The good news is that strengthening corporate profits has led to in increased business investment in technology (specifically equipment and software). Despite that, we're two years into the recovery and we've added only 1.8 million net new jobs. The question remains: will we ever return to a relatively normal rate of unemployment?
The U.S. unemployment rate currently stands at 9.1 percent. When accounting for the underemployed and discouraged workers, the situation is considerably worse than its sounds. The average duration of unemployment has reached a whopping 40 weeks, while nearly half of those unemployed have been out of work for 27 weeks or more.
Most economists figure that unemployment is about three-fourths cyclical and one-fourth structural. But I'd argue that key structural challenges have yet to be addressed.
Breaking down unemployment rates by educational attainment tells the most compelling story with respect to the jobs-skills mismatch. According the latest BLS data, the unemployment rate for those with a bachelor's degree was merely 4.5 percent. But it's more than double that (9.5 percent) for those with only a high-school diploma. That gap was even larger last May.
Globalization and technological advances have created an unprecedented demand for high-skilled labor as companies seek innovative ways to do more with less. A quick look at the BLS Job Openings and Labor Turnover Survey (JOLTS) survey reveals that since early 2010, growth in hiring has not kept pace with growth in job openings, typically an indication of a skills mismatch.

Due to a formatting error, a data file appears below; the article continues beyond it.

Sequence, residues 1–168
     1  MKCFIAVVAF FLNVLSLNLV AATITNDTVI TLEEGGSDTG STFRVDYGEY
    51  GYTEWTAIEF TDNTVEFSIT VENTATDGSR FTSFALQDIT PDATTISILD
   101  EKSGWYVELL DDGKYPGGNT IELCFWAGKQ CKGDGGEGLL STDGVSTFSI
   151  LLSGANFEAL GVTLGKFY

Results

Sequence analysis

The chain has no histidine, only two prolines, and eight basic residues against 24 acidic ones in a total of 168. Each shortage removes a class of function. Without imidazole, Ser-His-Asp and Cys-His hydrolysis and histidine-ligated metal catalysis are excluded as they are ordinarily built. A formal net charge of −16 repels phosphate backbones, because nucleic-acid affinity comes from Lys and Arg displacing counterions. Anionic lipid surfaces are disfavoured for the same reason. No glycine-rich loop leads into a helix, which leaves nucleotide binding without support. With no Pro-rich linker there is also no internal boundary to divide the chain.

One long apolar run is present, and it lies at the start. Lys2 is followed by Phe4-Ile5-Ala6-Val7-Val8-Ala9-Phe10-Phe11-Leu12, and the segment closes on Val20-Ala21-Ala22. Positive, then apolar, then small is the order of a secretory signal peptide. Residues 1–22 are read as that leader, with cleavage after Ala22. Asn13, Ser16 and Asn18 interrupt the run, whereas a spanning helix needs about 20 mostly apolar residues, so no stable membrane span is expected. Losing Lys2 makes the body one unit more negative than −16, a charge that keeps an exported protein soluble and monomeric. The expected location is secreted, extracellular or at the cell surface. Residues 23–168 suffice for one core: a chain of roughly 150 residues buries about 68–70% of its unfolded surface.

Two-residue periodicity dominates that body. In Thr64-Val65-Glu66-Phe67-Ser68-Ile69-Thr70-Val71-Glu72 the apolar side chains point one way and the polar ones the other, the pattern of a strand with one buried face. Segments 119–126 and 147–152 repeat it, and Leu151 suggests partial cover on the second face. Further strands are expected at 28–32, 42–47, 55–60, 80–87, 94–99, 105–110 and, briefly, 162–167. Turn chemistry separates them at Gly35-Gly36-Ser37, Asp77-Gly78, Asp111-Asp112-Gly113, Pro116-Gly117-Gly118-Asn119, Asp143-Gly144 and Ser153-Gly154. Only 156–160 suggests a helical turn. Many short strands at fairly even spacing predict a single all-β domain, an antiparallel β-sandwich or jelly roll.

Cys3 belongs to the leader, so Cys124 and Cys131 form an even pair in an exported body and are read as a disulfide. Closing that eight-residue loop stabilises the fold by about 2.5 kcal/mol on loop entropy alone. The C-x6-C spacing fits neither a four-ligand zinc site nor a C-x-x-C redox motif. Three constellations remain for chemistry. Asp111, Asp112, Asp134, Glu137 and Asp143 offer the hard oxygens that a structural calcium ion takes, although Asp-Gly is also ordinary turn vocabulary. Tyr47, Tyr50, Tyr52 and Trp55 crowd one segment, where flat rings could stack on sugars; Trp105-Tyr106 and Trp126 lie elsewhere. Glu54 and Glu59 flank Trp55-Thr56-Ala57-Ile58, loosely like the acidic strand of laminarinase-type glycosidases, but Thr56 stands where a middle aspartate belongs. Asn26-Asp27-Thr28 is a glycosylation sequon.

It appears that over the years, the gap between knowledge workers and the low-skilled has widened. Until we start retraining displaced workers, the situation will remain dire. Funding such an effort will be tough in an era of battered state and federal budgets, but an effective plan must be implemented.
Government may be resorting to cuts in education funding, but there's no reason why the private sector couldn't be more proactive in working with local community colleges or other nearby academic institutions to provide training programs for displaced or lower skilled employees. The President's "Skills for America's Future" initiative aims to do exactly that. It aims to create industry partnerships with community colleges to develop skill sets that are tailored to companies' real needs.
One good place to start would be in health care. As our population ages, the demand for nurses, radiologists, and other medical IT occupations will be greater than ever. We'll also need skilled workers to address key areas of U.S. energy and transportation infrastructure. Supporting education tailored to these needs will be critical to enhancing America's high-skilled labor force.